Eoin Young's Collector's
Column no. 13
Grandad on the Targa New Zealand.
John's Targa New Zealand goes from strength to strength, a cussed
2000 km Kiwi endurance event that combines the best and worst of rallying
and racing and rewards tenacity, although I sometimes wondered during
the six-day slog in October whether there were only two cars in the
200-car field really going for the win. Aussie Tony Quinn came out
on top in his late-model 4-wheel-drive turbo Porsche from Aucklander
Anton Tallett in a 1992 Mazda RX7. The rest of the runners were doing
their best to last out the six days.
For my money the event was five days too long. I rode with Allan
Walton, the editor of "New Zealand Classic Car" as nominal
co-commentator on the event with the suitably loquacious Donald McDonald,
so good they named him twice. He seldom paused to draw breath so
my time at the mike was suitably brief. Most of the entrants were
there for the taking part, somehow getting enjoyment from working
all the hours God gave to stay mobile from one day into the next
for a week, and driving as hard as they were able between times.
John runs the event like a fiefdom on wheels which I suppose it is. Like
him or loathe him ? and there seemed to be a fair measure of each
view among the competitors -- they queue to pay him for a place in
the lineup next year. Must be the cold shower syndrome. It is a massive
operation with around 1400 folk on the move around the North Island,
all needing to be fed and bedded at the night stops, and all needing
to be whipped into line during the run to try and keep the long event
to time. Some of the local burghers along the route might have whinged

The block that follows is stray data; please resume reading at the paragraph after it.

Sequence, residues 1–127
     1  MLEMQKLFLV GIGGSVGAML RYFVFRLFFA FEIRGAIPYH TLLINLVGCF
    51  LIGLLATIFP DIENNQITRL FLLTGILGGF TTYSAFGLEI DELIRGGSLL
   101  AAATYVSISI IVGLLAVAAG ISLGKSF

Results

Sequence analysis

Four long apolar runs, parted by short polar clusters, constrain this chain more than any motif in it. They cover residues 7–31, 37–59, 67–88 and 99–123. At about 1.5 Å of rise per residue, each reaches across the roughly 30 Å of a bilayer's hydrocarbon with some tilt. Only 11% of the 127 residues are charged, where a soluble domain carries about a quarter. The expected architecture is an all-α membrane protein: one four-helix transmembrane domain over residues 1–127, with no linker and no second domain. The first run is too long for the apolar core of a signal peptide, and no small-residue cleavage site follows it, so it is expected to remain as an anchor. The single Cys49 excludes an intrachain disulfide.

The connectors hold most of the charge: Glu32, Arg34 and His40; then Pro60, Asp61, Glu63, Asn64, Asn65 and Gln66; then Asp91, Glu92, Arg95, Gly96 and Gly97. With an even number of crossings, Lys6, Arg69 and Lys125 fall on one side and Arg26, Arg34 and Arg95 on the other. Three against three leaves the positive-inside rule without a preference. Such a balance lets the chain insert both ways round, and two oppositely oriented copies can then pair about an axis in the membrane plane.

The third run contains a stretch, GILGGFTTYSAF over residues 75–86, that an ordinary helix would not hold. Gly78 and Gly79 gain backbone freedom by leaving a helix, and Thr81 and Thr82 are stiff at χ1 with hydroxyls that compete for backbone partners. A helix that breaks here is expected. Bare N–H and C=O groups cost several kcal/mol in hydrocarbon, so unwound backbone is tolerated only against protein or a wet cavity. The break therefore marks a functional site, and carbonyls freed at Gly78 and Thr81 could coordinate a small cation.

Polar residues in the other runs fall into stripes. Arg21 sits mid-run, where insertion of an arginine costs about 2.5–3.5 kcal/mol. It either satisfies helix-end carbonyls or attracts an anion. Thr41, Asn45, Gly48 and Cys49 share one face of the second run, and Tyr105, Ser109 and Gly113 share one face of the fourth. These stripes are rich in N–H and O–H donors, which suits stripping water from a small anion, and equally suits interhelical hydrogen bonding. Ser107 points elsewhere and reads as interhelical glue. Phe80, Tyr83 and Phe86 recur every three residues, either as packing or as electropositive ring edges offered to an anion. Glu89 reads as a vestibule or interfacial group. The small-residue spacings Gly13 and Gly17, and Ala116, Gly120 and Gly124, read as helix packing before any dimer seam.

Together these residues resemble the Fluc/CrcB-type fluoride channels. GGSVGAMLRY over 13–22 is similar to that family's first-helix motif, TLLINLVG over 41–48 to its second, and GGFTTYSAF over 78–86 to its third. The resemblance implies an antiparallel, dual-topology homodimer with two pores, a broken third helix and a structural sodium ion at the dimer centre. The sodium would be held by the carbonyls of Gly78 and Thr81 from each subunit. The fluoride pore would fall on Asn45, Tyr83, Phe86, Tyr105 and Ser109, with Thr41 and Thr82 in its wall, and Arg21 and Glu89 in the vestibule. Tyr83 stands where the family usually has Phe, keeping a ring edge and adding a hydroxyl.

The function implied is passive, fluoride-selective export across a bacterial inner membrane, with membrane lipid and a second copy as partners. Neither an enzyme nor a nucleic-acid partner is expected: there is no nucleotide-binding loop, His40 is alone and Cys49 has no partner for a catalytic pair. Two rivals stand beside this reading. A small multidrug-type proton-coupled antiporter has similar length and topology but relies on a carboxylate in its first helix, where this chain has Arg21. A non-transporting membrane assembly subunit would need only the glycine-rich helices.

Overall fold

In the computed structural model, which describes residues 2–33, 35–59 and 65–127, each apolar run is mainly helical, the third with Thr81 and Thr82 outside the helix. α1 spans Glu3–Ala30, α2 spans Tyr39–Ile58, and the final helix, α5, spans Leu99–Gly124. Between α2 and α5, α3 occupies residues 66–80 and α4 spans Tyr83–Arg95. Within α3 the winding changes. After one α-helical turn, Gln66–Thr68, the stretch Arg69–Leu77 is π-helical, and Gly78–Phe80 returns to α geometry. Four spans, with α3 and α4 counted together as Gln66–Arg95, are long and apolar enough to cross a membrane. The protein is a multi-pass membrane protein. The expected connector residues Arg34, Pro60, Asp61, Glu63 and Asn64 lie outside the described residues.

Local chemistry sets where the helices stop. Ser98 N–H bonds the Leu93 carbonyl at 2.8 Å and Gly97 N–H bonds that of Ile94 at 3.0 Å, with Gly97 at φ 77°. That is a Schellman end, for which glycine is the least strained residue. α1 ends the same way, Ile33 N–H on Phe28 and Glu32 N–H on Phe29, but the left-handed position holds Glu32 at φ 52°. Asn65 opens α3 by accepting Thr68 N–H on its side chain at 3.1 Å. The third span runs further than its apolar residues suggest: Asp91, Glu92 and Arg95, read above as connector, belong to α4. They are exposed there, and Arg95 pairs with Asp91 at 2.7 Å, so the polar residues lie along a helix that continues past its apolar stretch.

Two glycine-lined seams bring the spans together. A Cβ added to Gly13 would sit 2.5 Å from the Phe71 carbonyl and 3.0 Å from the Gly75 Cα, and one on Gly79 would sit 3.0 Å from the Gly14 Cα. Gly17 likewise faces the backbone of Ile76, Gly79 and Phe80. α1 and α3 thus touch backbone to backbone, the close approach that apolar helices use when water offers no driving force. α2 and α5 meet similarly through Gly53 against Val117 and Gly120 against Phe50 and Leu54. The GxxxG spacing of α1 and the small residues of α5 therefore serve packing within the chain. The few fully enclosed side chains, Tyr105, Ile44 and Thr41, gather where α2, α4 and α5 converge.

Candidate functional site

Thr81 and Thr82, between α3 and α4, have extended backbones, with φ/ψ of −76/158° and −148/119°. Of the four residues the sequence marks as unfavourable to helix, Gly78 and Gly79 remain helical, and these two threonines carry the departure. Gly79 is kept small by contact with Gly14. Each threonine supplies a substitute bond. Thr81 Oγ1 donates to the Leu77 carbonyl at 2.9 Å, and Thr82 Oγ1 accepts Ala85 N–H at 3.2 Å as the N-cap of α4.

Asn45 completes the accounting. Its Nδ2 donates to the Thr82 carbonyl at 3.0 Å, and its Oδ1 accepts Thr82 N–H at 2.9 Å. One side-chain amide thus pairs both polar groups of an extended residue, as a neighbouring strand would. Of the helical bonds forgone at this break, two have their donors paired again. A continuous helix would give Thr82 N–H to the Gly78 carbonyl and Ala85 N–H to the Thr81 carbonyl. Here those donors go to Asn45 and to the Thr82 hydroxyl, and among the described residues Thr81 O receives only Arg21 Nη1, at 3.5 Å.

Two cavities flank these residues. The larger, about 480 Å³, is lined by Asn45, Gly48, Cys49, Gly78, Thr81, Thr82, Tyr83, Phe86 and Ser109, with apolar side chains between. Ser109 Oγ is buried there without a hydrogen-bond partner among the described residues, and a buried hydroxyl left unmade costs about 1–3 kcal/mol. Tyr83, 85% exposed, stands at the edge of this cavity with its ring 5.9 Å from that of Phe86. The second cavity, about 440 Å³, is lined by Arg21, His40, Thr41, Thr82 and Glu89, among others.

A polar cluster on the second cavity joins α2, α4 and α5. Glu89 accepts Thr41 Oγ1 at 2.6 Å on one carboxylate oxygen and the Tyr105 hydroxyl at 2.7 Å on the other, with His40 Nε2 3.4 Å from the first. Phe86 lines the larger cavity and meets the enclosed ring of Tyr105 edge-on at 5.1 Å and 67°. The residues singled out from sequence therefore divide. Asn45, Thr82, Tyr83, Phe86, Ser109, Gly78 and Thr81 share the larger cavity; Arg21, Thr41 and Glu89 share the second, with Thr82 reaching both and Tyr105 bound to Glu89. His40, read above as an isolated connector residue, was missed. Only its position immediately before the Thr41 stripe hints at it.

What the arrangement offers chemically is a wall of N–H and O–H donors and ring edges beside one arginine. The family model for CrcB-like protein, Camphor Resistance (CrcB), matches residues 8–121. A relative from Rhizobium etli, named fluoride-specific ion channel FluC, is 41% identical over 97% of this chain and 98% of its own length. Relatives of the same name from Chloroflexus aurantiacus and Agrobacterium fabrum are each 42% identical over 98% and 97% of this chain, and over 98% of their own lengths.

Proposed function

but the rolling army paid handsomely into the local economies as
they went through. Chris Amon had been tempted back into a racing
uniform for the first time since he walked away from the world of
formula 1 in 1976 to be forgotten as a farmer in Bulls, when he was
offered the chance to drive a works-prepared Toyota Camry Sportivo
with Murray Walker. Incredibly, the pair had never met, their careers
in F1 having mis-cued. I suppose it was a measure of the damning
Kiwi tall-poppy syndrome that the sponsor's media service soon ignored
the famous pair, the only 'names' in the event. Having stayed away
from anything resembling a return to motorsport, Chris was hugely
enthusiastic about the Targa and even wondering whether Toyota might
consider providing something a little more competitive than the Camry
for next year's event. They were known as Team Grandad with a total
age of 140 years! Chris was 60, Murray 80!
At one stop, Chris was asked by a fan if he would sign his bare arm. It used
to be young ladies asking Chris, the famous Ferrari team leader, the Michael
Schumacher of the late '60s, to sign various parts of their anatomy in Grand
Prix paddocks the world over. I watched him sign. And the guy rolled up his
sleeve to reveal a Ferrari prancing horse shield tattooed in colour on his
shoulder. Maybe he'll never wash that arm again. Someone else suggested that
he'll have the Amon signature tattooed in!
was fascinated by the quaint Kiwi tradition of Throwing the Gumboot
at Taihape (say it: Tie-happy) and he and Chris both tried their
hand. More practice would obviously help. I was more fascinated by
the two guns as what I thought might have been wall decoration behind
the bar in the local main street saloon. But they were both double-barrel
shotguns, padlocked to the wall, presumably to quell local late-night
I was intrigued to watch each Targa driver being breathalysed at the start
each day. Not something I'd ever though about but necessary, I guess. They